A recurring theme in many da Vinci robot lawsuits naming Intuitive Surgical Inc. as a defendant is that of inadequate training of surgeons in the use of the company’s robotic surgical system. Surgical injuries can occur with robot-assisted surgery in a number of ways, most commonly when blood vessels are nicked or organ linings are punctured by accident. It is also possible for a patient to be harmed when the electric current jumps from the instruments to the patient, causing burns that can lead to serious health issues or even death.
The surgeon’s training comes into play in this last instance with the simple act of cleaning an instrument that came with the da Vinci system in the midst of a procedure. Properly trained surgeons would know not to scrape instruments together to clean them as this causes the protective coating to be scraped off as well. This increases the risk of “arcing,” which is when an electrical current appears to jump from one surface to another.
Plaintiffs in the cases against Intuitive claim that the company knew of this particular risk, yet failed to inform surgeons about it. Moreover, in order to increase the number of surgeons who are credentialed for its use and thus increase demand for the product, da Vinci system salespeople aggressively push hospitals relax credential requirements for surgeons being trained to use it. Since robot-assisted surgery is physically easier on the surgeon and comes at a premium, the tendency is for surgeons who have credentials to recommend the da Vinci system to their patients needing gynecologic, cardiothoracic, urologic and general surgery.
In most cases where burning occurred, surgeons are seldom listed as a defendant in personal injury claims because they are not considered to be at fault. The manufacturer is responsible for providing users of the new technology with the skills and knowledge to use the tool safely and effectively.
It is the scene out of the most popular science fiction movies – a robot performing surgery. In theory it makes perfect sense; robotic surgery addresses certain human weaknesses such as the surgeon’s hands starting to shake after hours on a delicate and stressful operation. But is robotic surgery safe? And is it worth the extra cost and training necessary for its successful use?
Currently, hundreds of thousands of surgeries are performed using robotic tools, and on the whole it is considered safe. However, as the frequency of robotic surgeries rises, so does the chances of complications. Since 2007 when the technique was first introduced to perform hysterectomies, there have been over 200 reported serious injuries of which 89 had resulted in death due to complications during and following robotic surgery.
It is speculated that the use of monopolar energy, which can cause damage from sparks produced, may be the cause of the burns to the bowels, ureter, intestines and other sites which represent the majority of injuries reported. The injuries may not present at once, sometimes taking days and requiring additional procedures to pinpoint and repair. Top robotic surgery tool manufacturer Intuitive Surgical maintain that with proper use, the da Vinci surgical robot is perfectly safe.
According to the website of Massachusetts law firm Crowe & Mulvey, LLP, the potential for injury may lie primarily on the amount of training and experience of doctors and medical staff has in the proper use of the technology. When a patient suffers injury due to the improper use of robotic surgical techniques, the doctor and hospital may be found to have breached their duty of care and be civilly liable for those injuries. If you or someone close to you came back from a routine procedure using robotic surgery with serious injuries, consult with a robotic surgery lawyer at once to explain to you your options.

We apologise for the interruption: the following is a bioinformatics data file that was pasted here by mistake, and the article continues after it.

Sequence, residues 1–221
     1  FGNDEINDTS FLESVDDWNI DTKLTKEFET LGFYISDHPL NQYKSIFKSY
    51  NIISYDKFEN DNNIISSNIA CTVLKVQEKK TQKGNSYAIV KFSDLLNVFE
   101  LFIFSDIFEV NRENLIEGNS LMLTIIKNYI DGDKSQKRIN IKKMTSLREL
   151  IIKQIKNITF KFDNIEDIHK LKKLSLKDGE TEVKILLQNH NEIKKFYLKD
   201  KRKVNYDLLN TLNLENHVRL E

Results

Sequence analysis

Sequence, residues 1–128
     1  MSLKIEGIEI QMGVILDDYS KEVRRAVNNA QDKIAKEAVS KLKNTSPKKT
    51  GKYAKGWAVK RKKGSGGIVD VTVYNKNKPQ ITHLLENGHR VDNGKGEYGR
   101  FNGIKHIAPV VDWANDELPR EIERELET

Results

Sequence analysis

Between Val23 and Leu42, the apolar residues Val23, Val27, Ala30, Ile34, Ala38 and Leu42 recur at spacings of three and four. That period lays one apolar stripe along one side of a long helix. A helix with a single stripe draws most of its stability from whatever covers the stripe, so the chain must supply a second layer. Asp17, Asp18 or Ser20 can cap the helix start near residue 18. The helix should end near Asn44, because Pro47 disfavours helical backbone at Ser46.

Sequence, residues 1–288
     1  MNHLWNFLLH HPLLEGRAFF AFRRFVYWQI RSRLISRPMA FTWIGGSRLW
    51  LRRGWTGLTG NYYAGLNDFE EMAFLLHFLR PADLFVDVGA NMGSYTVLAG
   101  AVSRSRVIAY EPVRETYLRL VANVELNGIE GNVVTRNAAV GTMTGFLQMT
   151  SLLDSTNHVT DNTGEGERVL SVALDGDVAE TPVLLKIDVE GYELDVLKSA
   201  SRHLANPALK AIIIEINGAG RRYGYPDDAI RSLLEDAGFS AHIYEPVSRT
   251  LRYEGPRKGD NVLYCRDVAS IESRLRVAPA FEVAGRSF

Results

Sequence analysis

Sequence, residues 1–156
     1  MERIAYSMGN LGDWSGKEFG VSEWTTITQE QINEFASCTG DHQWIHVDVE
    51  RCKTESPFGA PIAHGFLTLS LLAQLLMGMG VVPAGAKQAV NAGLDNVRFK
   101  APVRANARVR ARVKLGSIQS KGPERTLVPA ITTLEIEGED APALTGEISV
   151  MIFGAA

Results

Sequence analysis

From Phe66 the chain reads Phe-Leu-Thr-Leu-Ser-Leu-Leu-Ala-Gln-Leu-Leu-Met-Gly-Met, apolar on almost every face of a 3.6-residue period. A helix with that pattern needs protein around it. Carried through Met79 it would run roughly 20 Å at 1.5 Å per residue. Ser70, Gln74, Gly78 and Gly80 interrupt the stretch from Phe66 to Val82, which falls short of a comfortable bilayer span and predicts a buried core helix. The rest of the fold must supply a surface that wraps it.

Medication errors may seem relatively harmless compared to surgical errors or misdiagnosis, but it has lead to serious injury for more than a million Americans every year. According to the website of Crowe & Mulvey, LLP, it can even result in death. Medication errors include the wrong drug being dispensed, the wrong dosage, and conflicting drugs. These errors all sound preventable (because they are), and the key to minimizing medication errors is communication.
Many of the errors made in drug dispensing is due to lack of information. When a patient is first admitted for examination, an extensive medical history is taken because there are drugs that may seem to be the right ones for the condition but have adverse effects under specific circumstances. For example, for a patient complaining of muscle pain, one of the drugs that may be taken for relief is over-the-counter acetaminophen. But if that patient is already taking acetaminophen as part of a prescription drug, then the dosage may exceed safe levels and affect the liver adversely.
A more acute effect is when a patient is given medication that he or she is allergic to, but which either the patient failed to mention or did not know, or the nurse or doctor failed to check in the patient history. A good example is penicillin, to which 10% of the world’s population has an allergic reaction to. One of the protocols in hospitals is to take a skin test to determine if the patient has an allergy to particular medications that may be prescribed.
Health professionals have a duty of care to their patients, and must make every effort to prevent harm. Patients, on the other hand, must provide complete medical information inasmuch as they are aware of it. If there is adequate communication between healthcare professionals and between patients and healthcare providers, medication errors may be minimized.
If you have suffered adverse effects from medication errors caused by negligence or carelessness of a healthcare provider, then you may have recourse for compensation through the civil court. Confer with a medical malpractice lawyer in the area to find out your options.